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Becoming Whole in a Fragmented World

“Spirituality is the path that one travels to or with the Spirit,” according to Rudolph Ballentine, a medical doctor and lifelong student of the Himalayan Tradition. He translated the world of yogic practice into the journey of becoming whole. He knew that yoga meant joining all the different parts of ourselves and our world, so that people experienced wholeness. He also knew that the definition of healing was “making whole.” He knew that the practice of yoga in all its aspects was the step toward true health.

So, what if a person does not practice yoga or does not want to practice yoga? Can health and wholeness be their experience?

And too, will the practice of yoga help a person become whole in such a fragmented world? Can it help brothers and sisters who believe in different ideas of God reconcile those differences? Can yoga help men or women become one with a partner without focusing just on the physical aspects of intimacy? Can it enable different political ideologies to respect each other? Can people of different races know that the other race is not out to get them or not inferior to them when yoga is practiced? Can people themselves find peace within themselves without dulling their own minds and pains with alcohol, coke, or heroin without yoga?

Yes, of course!

And, absolutely not!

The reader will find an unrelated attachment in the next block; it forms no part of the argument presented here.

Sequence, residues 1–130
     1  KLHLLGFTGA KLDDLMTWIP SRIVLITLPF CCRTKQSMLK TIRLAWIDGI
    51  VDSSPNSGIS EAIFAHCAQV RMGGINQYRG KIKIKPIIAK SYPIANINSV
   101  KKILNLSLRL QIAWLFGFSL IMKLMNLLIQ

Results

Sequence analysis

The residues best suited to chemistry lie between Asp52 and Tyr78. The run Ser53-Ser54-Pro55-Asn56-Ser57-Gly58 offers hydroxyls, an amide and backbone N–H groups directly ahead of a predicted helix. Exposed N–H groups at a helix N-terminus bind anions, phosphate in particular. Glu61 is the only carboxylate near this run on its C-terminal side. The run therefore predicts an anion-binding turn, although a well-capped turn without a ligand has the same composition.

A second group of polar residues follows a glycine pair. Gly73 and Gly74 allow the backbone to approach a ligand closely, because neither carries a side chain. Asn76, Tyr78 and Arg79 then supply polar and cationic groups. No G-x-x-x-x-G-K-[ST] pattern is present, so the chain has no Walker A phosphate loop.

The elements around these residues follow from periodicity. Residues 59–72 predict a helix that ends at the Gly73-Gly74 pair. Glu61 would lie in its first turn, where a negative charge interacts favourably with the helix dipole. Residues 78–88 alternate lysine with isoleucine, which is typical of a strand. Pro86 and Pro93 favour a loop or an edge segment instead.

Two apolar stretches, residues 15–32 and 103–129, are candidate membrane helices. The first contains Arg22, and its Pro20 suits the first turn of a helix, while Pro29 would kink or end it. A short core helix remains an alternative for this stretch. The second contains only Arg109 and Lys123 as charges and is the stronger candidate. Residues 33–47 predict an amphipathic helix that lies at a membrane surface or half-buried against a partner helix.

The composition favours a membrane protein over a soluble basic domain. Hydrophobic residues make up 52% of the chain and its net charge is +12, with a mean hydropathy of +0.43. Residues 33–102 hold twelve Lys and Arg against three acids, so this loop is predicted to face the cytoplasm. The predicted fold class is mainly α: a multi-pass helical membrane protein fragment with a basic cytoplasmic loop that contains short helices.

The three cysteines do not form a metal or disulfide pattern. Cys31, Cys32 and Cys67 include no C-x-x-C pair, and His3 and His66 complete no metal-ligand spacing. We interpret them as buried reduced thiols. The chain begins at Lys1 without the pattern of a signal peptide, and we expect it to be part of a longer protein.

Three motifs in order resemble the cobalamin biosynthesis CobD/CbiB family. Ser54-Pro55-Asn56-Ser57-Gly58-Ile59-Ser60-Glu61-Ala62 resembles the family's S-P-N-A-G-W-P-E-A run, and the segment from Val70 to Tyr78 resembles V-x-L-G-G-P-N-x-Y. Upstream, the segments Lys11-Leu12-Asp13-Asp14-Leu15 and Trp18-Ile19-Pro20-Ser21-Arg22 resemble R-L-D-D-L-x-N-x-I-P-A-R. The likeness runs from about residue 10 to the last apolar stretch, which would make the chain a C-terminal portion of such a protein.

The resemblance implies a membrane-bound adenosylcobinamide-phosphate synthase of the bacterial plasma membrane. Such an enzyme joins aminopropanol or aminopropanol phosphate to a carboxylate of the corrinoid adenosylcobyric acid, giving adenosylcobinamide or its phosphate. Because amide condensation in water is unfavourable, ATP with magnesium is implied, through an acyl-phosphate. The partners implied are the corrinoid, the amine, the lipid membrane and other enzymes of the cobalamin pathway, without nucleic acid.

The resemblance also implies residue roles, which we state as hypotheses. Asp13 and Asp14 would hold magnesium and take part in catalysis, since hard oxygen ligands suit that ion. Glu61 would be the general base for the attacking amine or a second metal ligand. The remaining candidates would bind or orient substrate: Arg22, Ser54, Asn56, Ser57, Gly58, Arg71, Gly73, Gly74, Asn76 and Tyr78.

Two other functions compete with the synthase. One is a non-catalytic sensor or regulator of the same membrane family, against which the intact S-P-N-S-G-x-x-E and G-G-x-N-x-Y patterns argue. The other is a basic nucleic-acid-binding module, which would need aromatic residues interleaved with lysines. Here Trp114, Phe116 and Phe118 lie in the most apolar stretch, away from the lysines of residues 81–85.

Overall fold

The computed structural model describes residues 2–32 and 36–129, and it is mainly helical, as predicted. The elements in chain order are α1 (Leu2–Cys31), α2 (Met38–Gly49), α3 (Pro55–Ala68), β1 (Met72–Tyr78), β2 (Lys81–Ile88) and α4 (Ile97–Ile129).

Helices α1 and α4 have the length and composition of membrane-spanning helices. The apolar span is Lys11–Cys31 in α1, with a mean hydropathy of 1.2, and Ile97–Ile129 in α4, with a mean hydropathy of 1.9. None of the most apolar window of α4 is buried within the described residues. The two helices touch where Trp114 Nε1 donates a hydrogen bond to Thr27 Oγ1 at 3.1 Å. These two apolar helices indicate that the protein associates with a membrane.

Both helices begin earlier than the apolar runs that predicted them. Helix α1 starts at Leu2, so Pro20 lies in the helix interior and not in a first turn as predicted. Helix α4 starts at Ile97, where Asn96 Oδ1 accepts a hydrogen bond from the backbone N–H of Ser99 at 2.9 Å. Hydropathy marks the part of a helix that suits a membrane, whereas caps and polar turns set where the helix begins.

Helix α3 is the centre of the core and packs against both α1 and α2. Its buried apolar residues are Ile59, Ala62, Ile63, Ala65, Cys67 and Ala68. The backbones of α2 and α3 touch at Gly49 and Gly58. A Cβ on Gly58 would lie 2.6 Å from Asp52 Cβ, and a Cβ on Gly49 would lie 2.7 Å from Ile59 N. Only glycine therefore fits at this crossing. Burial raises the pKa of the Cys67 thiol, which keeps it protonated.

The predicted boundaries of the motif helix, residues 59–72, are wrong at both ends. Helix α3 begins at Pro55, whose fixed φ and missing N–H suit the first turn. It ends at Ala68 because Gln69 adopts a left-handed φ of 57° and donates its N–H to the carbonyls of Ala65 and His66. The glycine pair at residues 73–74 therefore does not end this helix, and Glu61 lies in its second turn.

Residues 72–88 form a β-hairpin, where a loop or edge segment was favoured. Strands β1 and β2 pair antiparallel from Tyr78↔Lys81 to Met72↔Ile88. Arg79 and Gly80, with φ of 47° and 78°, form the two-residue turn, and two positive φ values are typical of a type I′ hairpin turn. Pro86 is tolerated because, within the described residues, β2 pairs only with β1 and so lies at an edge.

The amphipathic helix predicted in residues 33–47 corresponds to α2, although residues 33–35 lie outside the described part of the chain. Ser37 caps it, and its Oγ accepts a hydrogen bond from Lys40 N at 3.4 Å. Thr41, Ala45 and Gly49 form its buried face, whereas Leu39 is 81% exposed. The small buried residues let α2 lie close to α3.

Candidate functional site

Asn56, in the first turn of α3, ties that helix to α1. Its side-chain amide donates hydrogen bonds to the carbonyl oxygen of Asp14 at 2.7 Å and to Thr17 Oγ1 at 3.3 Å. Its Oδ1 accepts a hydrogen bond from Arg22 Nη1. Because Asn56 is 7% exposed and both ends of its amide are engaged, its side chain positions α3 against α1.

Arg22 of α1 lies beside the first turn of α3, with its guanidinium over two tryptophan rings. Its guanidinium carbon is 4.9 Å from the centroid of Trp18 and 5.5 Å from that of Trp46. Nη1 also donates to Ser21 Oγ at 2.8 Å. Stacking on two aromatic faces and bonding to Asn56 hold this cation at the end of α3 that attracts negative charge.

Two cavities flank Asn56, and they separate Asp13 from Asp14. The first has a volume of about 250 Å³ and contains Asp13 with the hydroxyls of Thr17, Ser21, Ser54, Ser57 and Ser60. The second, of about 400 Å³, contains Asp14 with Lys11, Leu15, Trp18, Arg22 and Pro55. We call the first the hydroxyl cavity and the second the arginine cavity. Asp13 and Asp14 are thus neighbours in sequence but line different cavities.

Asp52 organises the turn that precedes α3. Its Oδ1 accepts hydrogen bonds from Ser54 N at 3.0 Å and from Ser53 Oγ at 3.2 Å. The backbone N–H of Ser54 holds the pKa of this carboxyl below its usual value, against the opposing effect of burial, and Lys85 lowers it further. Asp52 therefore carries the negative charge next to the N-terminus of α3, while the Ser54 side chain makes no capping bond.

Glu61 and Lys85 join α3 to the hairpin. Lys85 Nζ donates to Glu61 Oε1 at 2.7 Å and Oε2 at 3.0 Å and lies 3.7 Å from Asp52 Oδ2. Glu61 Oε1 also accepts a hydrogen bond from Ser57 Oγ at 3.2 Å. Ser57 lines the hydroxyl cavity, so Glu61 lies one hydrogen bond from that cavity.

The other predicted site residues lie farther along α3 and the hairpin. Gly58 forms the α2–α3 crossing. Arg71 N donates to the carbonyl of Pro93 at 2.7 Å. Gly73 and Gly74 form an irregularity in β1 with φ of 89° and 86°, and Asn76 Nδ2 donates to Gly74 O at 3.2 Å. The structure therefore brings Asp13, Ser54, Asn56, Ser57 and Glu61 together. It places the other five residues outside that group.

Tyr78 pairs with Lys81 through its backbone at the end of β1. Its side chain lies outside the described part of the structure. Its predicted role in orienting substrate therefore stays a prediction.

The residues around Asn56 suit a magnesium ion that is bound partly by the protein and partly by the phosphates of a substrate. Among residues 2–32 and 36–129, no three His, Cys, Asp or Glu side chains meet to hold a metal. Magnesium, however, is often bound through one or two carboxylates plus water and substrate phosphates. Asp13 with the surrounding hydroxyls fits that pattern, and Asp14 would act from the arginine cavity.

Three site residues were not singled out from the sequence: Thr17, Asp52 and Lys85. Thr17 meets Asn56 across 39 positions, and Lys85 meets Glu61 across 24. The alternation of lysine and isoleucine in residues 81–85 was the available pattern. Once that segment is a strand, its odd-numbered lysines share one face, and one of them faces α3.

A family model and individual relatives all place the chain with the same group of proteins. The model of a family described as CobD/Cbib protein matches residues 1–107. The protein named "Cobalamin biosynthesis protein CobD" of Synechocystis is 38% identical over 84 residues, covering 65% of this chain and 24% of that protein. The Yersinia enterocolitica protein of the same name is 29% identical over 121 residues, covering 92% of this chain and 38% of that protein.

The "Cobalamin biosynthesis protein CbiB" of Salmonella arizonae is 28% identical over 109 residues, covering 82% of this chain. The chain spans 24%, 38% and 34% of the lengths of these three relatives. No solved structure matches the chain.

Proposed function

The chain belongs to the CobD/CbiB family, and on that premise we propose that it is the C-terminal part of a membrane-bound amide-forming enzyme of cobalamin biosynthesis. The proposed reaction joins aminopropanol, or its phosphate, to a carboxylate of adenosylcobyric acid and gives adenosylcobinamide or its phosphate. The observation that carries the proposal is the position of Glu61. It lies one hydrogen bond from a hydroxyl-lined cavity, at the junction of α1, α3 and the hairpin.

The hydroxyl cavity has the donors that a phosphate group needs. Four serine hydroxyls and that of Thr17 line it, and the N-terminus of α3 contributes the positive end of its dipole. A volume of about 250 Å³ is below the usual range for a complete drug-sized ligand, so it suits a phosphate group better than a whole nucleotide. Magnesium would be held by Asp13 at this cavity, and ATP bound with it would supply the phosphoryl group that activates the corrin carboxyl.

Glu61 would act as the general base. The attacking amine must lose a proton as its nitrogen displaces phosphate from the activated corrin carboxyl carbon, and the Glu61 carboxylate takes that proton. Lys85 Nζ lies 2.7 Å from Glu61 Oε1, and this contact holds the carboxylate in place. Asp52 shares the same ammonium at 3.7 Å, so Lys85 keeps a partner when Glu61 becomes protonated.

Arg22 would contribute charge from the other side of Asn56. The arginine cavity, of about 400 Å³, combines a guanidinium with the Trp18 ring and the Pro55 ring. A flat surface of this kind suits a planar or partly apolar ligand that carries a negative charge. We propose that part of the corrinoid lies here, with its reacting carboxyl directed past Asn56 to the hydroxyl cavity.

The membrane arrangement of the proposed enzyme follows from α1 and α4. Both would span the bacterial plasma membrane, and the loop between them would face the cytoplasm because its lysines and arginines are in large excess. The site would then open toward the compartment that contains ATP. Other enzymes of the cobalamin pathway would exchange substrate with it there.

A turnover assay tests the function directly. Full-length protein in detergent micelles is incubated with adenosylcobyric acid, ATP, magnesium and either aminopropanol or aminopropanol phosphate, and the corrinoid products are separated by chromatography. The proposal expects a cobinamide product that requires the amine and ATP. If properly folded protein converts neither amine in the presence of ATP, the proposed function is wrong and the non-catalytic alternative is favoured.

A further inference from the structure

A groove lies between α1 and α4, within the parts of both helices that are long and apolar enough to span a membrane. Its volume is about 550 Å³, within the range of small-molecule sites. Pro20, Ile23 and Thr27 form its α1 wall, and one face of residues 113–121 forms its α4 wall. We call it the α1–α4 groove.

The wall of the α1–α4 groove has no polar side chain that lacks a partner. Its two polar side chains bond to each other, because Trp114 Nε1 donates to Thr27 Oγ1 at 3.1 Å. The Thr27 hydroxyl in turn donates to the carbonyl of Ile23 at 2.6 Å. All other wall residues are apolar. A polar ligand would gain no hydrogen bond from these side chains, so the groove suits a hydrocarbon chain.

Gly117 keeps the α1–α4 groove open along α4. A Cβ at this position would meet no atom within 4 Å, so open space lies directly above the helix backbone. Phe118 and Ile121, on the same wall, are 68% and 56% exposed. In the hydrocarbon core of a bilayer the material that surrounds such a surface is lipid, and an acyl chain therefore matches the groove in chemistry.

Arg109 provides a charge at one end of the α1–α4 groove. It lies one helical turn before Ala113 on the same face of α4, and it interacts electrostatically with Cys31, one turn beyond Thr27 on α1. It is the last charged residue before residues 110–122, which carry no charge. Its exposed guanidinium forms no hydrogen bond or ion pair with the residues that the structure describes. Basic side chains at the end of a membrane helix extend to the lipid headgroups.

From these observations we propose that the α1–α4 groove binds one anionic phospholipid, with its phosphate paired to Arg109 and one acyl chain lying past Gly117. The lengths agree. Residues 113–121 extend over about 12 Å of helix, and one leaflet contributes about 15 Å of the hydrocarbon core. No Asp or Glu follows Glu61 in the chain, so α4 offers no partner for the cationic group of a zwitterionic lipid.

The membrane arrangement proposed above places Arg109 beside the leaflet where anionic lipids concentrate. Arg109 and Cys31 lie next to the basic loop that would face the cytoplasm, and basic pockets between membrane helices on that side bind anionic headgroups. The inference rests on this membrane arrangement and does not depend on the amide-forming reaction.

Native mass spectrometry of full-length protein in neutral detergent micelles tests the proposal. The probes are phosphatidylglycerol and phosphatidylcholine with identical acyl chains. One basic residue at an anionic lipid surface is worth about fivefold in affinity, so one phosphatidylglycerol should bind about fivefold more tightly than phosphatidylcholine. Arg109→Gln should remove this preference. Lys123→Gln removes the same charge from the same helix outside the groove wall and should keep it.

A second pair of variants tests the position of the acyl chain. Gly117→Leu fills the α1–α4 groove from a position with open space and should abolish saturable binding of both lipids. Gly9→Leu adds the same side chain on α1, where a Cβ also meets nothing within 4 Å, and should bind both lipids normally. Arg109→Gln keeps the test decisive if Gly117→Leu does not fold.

It all starts with us as individuals. I will never be at peace with others if I focus on how they are attractive or repulsive to me. When I do that I am treating them in the way I don’t want to be treated. I am treating them as objects or qualities or physical entities that either fulfill or degrade me. I am separating them from myself. That is not yoga! That is not wholeness and health!

When I do that I am no longer seeing myself as a person, a loving being. I am separating myself from reality by losing myself in my judgments—e.g. “She is really good to look at.” “He has such a smelly appearance.” “They don’t work hard enough.”

At that point I am forgetting that myself and the others are DIPs. I am forgetting that we are all made in God’s image.

I will never be happy with myself if I always criticize what I do and how I act. I am again separating myself from reality by losing myself in my judgments of myself—e.g. “I am too fat.” “I am not as good as I could be.” “I could never sit still and stop my mind from running all over the place, like a monkey.”

All these judgments are not reality, not healing. They do not help me realize that my core self (my true self) is a whole, complete and loving creature of the Source of Life. In a sense, we need to return to our childhood days of being a well-fed, nurtured child that explores and joyfully plays throughout life.

Moments that bring me back to that joyful playfulness is when I am lying still on the floor or sitting quietly in a chair and just paying attention to my breath flowing in and out of my nostrils—just paying attention to the warm air coming in and the cooler air coming out of my nose. These are heavenly moments of wholeness for me. They are the sacred moments of spirituality, because as I journey on that non-disturbed path of sensing the life force flow in and out of my whole body, I am with my Spirit and moving closer and closer to the Spirit.



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